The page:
researchers reported that, through the third grade, English language skills and student achievement were comparable for all three types of programs.
In the long run, though, students demonstrated stronger academic and English language skills in the “late-exit” bilingual programs, where children don’t move to mostly English instruction until sixth grade.
“All things being equal, the research would say that (immersion students) suffer a slight disadvantage in learning academic content,”
said Stanford University Professor Kenji Hakuta. ‘And even though they are in English-only classes, they are probably not learning English better than in a bilingual program.”
But a New York City Schools study published in 1994 contradicts that.
It found that students in English-language classrooms posted better reading and math scores than students in native-language programs.
An equal approach
Evergreen officials say their program differs from many immersion programs because it includes some native language instruction and places equal importance on learning subject matter and learning English.
Although the vast majority of instruction is in English, a network of
“primary language assistants” works with students in their native language to try to bridge any instructional gaps. Aides work with students in Vietnamese, Cambodian, Mandarin, Cantonese and Spanish, usually for about 30 minutes a day.
Other aides — who speak only English — also work with students. In one instance, an aide worked with five students who Lew felt needed extra help. With the students seated around a table on tiny green chairs, the aide helped them build their English vocabulary by examining concepts, such as “over” and “under.”
“Let’s see if Jennifer can fit under the table,” she said,
instructing the girl to crawl under the table. “There she is: under the table.”
Evergreen officials say that extra support helps the district achieve its two main goals: making students quickly literate in English — usually in three to five years — and getting them to succeed academically.
Anywhere from 12 percent to 20 percent of Evergreen’s “limited-English proficient” students are reclassified as fluent in English each year,
well above the state average of 6.7 percent. And those who do complete the program tend to do as well, if not better, on standardized tests than the district as a whole, according to district records.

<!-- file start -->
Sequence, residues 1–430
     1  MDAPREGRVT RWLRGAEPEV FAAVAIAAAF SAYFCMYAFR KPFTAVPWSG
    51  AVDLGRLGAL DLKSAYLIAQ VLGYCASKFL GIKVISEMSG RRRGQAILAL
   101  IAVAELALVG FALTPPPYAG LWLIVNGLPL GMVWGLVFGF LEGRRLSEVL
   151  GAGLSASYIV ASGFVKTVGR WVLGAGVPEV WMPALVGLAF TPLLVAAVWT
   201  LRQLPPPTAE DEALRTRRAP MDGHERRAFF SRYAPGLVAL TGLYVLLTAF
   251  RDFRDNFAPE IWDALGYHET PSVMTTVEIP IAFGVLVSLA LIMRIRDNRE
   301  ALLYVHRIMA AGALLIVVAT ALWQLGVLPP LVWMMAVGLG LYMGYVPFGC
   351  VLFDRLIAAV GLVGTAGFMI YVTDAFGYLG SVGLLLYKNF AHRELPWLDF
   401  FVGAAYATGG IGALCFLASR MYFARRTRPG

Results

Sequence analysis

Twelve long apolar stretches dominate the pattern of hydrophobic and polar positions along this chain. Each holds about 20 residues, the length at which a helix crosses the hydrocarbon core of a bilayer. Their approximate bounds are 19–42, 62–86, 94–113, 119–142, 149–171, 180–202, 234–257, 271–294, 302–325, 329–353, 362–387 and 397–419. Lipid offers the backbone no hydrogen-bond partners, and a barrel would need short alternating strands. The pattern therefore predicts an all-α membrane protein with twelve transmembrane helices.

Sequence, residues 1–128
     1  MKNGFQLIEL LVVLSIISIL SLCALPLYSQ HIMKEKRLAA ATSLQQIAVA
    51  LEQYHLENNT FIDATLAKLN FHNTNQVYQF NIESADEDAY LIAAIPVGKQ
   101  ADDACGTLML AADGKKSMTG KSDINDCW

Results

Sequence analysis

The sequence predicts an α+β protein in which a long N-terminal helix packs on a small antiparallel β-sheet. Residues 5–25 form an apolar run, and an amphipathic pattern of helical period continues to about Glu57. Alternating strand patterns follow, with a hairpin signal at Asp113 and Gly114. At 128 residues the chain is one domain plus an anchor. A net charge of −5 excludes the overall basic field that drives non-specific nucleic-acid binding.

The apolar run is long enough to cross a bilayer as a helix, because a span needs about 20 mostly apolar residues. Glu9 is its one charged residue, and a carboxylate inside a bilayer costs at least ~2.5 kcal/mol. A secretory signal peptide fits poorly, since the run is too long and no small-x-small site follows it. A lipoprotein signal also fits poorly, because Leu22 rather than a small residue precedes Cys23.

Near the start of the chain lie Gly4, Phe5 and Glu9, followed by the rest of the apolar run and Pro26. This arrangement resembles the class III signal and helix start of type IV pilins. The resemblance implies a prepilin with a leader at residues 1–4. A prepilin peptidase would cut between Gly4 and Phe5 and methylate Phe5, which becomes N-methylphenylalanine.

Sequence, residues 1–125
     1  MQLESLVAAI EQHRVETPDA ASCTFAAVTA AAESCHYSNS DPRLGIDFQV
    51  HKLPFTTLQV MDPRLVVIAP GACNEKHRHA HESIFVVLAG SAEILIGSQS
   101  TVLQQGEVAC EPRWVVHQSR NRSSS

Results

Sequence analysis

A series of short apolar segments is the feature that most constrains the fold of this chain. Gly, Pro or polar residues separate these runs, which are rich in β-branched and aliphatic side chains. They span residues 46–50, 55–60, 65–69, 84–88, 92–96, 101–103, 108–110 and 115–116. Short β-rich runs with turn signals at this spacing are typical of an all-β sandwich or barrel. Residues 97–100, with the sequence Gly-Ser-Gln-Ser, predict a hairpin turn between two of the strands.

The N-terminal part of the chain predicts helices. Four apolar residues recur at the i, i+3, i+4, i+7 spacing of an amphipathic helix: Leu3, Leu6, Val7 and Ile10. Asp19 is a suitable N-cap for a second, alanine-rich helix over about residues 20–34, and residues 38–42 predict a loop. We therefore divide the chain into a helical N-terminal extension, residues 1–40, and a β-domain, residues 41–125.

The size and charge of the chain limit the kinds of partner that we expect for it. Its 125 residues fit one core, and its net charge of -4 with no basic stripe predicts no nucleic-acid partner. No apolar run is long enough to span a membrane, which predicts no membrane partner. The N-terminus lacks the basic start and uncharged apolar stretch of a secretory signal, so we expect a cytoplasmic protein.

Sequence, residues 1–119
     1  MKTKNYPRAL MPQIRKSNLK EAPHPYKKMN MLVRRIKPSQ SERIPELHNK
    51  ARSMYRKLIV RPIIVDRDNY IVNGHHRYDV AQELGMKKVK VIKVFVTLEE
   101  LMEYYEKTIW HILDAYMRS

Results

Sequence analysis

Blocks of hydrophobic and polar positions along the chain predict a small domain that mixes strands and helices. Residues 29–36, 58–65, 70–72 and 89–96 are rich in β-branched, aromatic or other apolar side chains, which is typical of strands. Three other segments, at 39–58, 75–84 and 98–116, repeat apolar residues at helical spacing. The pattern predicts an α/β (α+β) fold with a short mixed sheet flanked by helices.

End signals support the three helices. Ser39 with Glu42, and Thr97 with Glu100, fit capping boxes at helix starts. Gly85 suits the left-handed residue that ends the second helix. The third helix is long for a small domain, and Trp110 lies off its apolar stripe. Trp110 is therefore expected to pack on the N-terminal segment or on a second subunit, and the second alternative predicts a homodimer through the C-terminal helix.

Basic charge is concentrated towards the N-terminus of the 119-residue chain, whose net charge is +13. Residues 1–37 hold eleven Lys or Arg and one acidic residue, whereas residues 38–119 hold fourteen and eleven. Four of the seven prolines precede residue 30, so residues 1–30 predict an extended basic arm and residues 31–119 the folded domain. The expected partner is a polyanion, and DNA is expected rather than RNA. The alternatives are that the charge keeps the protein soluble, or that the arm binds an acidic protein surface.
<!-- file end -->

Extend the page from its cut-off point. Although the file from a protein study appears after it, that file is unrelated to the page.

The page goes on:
Evergreen tracks the achievement of all students who complete its program.
In 1996, Spanish-speaking students scored just below the national average on the Stanford Achievement Test, the district’s standardized reading exam.
All other language groups exceeded the national average.
In math, all language groups tested above the 50th percentile — or the national average, or the point where half the students score higher and half score lower.
‘If they are getting kids up to the 50th percentile, then they really are doing a good job, because most programs don’t get anywhere near that,”
said Duane Campbell, professor of bilingual education at California State University-Sacramento.
Evergreen officials say the combination of properly trained teachers
— all instructors must learn about the various stages of language acquisition
— and aides who can speak the students’ languages, helps students understand what is happening in the classroom.
Within weeks after starting school, many kindergartners are starting to converse in English, singing songs and joking with their playmates. By the second month of first grade, Lew’s students have already covered classroom walls with writing assignments.
Gabriela Ayala, 6, is a testament to how quickly some students adapt.
When she started kindergarten last year, “Gabby” barely spoke a word of English.
Now, just over a year later, she has a strong grasp of conversational English and is one of the top students in Lew’s class.
“She writes in sentences, she knows capital letters and punctuation,
and she can read with expression, which is sometimes hard for kids this age,” Lew said.
Although Spanish is her family’s primary language, Gabby regularly practices English with her parents and siblings, said her mother, Alba, who immigrated from El Salvador 15 years ago.
“I always choose English-only classes,” Ayala said. “At first, I know they will have a hard time at school. But now my Gabby is doing so well, I’m so proud of her.”
But even ardent supporters of English-language programs say the strategy takes time to pay off.
Evergreen officials say it takes three to five years for most of their students to acquire the “academic” English needed to understand complex concepts.
District officials concede their program has drawbacks. The most obvious is that many students often never develop fluency in their native language.
And many parents cannot help their own children with their homework because it is in English.
Evergreen principals and teachers try to stimulate parent involvement by stocking foreign language books in school libraries, and encouraging parents to read to their children in their native language.
“The ideal would be every student leaves the district totally bi-literate,”
Lindstrom said. “That would be wonderful. Our goal is to have every student acquire English as quickly as possible and excel academically, and we do that. It may not be an ideal. But it’s what works for us.”